Monday, April 16, 2012

4/17/12—Honoring Our Partnerships

Today's Draw: Two of Cups from the Victorian Romantic Tarot. Is there any relationship more complex, annoying, supportive, surprising, loving, inescapable, comfortable and enduring than the one you share with your sibling?

The Two of Cups is usually about romantic partnership—love, union and connection. It doesn't always indicate romance, though. It can be any kind of partnership, both the kind you enter into into willingly and enthusiastically and the kind that are just byproducts of life. 

Forty-nine years ago, I entered into a partnership with five people. It wasn't a partnership of my choosing. At least not consciously. Sometimes it's been like an albatross around my neck. Sometimes it's been a privilege. Most of the time it vacillates between the two. Those people are my brothers and sisters and tonight might have been the last time I saw one of them in their earthly form. 

My brother John is the jock in the family. He played baseball, football and basketball throughout high school. He's six foot three inches of someone you don't want to mess with. And as tough as he's always been in his visage and demeanor, underneath he's always been a very vulnerable and sensitive soul. It wasn't always easy to see or access, but it was there.

Growing up I thought he'd have a hard time finding anyone who would be able to put up with him. But what ended up happening is that he married his perfect match. He has four kids who, quite rightly, worship him. And the machismo that I once thought might be his undoing, faded away into a man who wasn't afraid to let you see his weakness. And that weakness was his family. It was also his strength. 

One of the things that really made me look at my brother differently...to see him as something other than the annoying jock who walked around like he owned the place...was many years back when he lost his professional job in software sales. He wasn't able to find another job readily and I doubted his ego could withstanding having a wife as the breadwinner. But you know what he did? He became the house dad and he thrived in the role of nurturer and "homemaker". And when found another job, he found one that allowed him to continue being there for his kids. He gave to his children what his own father wasn't capable of giving...presence. Attention. Nurturing. 

Last November he came down with a really bad "chest cold" that he just couldn't seem to shake. It got worse and worse until he ended up in the hospital nearly drowning in his own fluids. Turns out he had lung cancer. He's done all the things you do...chemo, radiation, etc. But he has a very aggressive and incurable type of lung cancer. There's no telling how much time he has left. But the way he looked tonight in the intensive care unit at the hospital, it didn't look like it was going to be long. In fact, in the pain and presence of mind he was in, I pray it isn't long.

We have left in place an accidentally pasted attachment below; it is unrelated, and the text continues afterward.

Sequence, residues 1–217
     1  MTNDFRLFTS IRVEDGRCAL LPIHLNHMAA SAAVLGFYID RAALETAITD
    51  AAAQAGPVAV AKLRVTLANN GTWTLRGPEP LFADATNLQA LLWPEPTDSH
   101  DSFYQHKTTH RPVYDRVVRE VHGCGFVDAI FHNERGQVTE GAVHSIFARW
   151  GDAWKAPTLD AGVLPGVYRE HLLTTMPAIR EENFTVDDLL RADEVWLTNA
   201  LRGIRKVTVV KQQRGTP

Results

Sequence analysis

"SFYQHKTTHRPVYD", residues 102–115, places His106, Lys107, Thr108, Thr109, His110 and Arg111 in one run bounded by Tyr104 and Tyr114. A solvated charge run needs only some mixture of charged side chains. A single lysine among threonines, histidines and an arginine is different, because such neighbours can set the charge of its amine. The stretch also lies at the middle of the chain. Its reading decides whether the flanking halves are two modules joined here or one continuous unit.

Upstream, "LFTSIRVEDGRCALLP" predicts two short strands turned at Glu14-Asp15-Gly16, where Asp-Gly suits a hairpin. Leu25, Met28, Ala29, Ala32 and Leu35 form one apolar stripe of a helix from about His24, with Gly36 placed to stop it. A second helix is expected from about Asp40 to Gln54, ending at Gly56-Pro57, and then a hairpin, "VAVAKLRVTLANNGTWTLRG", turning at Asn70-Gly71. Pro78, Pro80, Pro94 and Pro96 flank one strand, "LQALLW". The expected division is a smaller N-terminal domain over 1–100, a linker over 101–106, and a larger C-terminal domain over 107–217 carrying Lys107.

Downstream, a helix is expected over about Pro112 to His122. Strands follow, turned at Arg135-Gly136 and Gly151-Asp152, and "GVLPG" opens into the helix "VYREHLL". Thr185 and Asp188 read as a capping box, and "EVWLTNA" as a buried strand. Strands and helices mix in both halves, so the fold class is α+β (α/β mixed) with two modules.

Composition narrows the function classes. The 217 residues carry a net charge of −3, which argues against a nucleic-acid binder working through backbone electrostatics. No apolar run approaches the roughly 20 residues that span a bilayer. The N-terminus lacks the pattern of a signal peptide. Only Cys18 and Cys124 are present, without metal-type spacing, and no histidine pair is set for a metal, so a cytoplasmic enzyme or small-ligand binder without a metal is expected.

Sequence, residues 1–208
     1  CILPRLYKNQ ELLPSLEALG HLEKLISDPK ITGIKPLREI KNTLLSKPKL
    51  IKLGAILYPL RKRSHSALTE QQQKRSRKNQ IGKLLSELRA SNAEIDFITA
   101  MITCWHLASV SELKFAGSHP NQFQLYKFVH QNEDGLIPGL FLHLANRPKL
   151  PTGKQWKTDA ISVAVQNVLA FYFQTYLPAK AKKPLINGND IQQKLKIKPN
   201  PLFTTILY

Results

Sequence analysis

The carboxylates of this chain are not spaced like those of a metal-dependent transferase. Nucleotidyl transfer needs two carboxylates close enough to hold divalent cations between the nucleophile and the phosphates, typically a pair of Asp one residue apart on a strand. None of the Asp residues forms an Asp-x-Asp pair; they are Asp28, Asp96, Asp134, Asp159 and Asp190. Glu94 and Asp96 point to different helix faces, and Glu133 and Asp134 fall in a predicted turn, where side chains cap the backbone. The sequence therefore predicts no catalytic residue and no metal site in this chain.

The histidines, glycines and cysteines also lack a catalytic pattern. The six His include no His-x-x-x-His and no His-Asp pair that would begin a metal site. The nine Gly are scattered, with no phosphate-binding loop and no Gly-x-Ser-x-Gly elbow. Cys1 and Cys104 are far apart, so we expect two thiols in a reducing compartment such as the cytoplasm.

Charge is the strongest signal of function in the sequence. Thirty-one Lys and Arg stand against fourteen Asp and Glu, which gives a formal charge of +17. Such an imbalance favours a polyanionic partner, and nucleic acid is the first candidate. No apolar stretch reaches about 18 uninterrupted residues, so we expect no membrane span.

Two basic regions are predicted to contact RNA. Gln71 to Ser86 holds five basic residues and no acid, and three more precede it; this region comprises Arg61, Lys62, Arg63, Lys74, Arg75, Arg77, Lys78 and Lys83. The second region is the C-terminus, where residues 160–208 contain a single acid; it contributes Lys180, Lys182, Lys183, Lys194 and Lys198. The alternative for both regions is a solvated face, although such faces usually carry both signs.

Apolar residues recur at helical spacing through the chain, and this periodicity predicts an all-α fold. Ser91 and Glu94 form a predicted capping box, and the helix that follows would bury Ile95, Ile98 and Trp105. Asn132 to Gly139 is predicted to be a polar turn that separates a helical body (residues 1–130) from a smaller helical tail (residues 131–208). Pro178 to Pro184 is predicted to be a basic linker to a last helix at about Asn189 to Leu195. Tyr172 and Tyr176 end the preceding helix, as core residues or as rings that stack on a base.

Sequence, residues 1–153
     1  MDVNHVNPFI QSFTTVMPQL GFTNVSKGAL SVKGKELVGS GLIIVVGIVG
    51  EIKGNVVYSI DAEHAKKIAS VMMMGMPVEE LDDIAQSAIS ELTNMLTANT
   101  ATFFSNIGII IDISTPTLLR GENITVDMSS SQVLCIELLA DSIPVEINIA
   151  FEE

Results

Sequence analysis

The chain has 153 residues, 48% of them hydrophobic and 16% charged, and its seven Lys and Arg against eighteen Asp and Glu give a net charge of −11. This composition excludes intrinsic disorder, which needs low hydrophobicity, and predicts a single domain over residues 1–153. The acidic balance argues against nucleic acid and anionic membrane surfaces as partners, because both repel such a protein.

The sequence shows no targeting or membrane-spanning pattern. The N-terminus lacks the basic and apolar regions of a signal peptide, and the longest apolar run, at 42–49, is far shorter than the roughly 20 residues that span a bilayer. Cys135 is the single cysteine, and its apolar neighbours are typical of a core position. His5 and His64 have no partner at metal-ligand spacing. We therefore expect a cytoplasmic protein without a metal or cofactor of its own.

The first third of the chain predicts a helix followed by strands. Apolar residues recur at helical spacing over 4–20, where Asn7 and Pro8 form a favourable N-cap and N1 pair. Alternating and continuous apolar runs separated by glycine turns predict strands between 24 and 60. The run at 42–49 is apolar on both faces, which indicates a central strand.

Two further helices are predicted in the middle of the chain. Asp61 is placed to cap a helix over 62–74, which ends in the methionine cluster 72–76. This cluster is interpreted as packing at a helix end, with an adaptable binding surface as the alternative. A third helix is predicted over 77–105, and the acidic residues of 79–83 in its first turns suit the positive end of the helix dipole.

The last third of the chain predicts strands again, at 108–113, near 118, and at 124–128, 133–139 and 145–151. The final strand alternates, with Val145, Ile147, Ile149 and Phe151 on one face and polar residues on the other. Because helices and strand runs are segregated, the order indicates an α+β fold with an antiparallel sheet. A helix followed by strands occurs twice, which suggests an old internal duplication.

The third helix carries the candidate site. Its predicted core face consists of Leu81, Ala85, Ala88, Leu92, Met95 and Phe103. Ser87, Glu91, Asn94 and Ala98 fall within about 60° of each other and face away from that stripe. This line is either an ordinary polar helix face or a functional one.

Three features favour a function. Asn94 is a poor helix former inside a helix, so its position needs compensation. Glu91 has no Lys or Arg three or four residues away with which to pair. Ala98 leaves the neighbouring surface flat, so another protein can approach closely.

We enter into these partnerships with our siblings and the agreement is that we'll always love each other, even if we hate each other. We'll always be bound by blood and parentage and a string of memories we will never share with anyone else—memories from a time when we were too full of life to ever think of death. We're never ready for the day when those partnerships begin dissolving...or transforming into something less tangible. 

My siblings and I lost our parents young. My mother died when I was 21 and my father when I was 25. We're no strangers to loss. But you grow up knowing your parents will die someday. For some reason, you never think your siblings will die someday, too. One of us has to watch this happen five times. Is that a blessing or a curse?  

My brother John is 53. He has four children, including a young man he'll never get to see play high school football the way his father watched him play. I'm not sure what breaks my heart the most, but I'm pretty sure it's that. I do know he'll be there. The smell of cigarette smoke...or farts...will waft up suddenly in the stands for no apparent reason. And that will be how we'll know he's there. 

We make these partnerships for a lifetime. But they really never end, do they? They go on beyond anything we imagine. My belief tells me this is true, but the human part of me is heartbroken tonight over the inevitability of what's to come, whether it's days or weeks from now. What a blessing, though, that nothing has gone unspoken, and that no part of the partnership has been left unfulfilled.

Please hold my brother, his wife and their four children in your prayers over the coming days and weeks in hopes they may find peace and strength in their transition. Thank you.

4 comments:

  1. Tierney, I'm so sorry. You, your brother, and your family are in my thoughts and prayers.

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  2. T, this is beautiful. What a wonderful way to honor your brother.

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